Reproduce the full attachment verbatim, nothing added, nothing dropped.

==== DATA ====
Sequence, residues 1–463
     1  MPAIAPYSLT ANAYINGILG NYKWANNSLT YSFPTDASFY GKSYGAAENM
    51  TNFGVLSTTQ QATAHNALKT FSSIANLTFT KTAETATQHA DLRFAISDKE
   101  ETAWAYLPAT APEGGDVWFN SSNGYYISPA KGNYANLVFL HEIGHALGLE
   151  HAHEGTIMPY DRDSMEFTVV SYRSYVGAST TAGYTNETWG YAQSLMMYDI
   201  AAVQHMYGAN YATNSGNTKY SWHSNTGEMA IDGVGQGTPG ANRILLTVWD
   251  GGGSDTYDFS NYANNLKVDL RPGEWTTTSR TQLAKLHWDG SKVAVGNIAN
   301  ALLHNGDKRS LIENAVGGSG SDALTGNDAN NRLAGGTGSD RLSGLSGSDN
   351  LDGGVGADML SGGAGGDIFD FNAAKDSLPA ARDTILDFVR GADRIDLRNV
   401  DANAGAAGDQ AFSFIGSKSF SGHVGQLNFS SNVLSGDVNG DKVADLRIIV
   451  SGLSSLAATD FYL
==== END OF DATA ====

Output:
Sequence, residues 1–463
     1  MPAIAPYSLT ANAYINGILG NYKWANNSLT YSFPTDASFY GKSYGAAENM
    51  TNFGVLSTTQ QATAHNALKT FSSIANLTFT KTAETATQHA DLRFAISDKE
   101  ETAWAYLPAT APEGGDVWFN SSNGYYISPA KGNYANLVFL HEIGHALGLE
   151  HAHEGTIMPY DRDSMEFTVV SYRSYVGAST TAGYTNETWG YAQSLMMYDI
   201  AAVQHMYGAN YATNSGNTKY SWHSNTGEMA IDGVGQGTPG ANRILLTVWD
   251  GGGSDTYDFS NYANNLKVDL RPGEWTTTSR TQLAKLHWDG SKVAVGNIAN
   301  ALLHNGDKRS LIENAVGGSG SDALTGNDAN NRLAGGTGSD RLSGLSGSDN
   351  LDGGVGADML SGGAGGDIFD FNAAKDSLPA ARDTILDFVR GADRIDLRNV
   401  DANAGAAGDQ AFSFIGSKSF SGHVGQLNFS SNVLSGDVNG DKVADLRIIV
   451  SGLSSLAATD FYL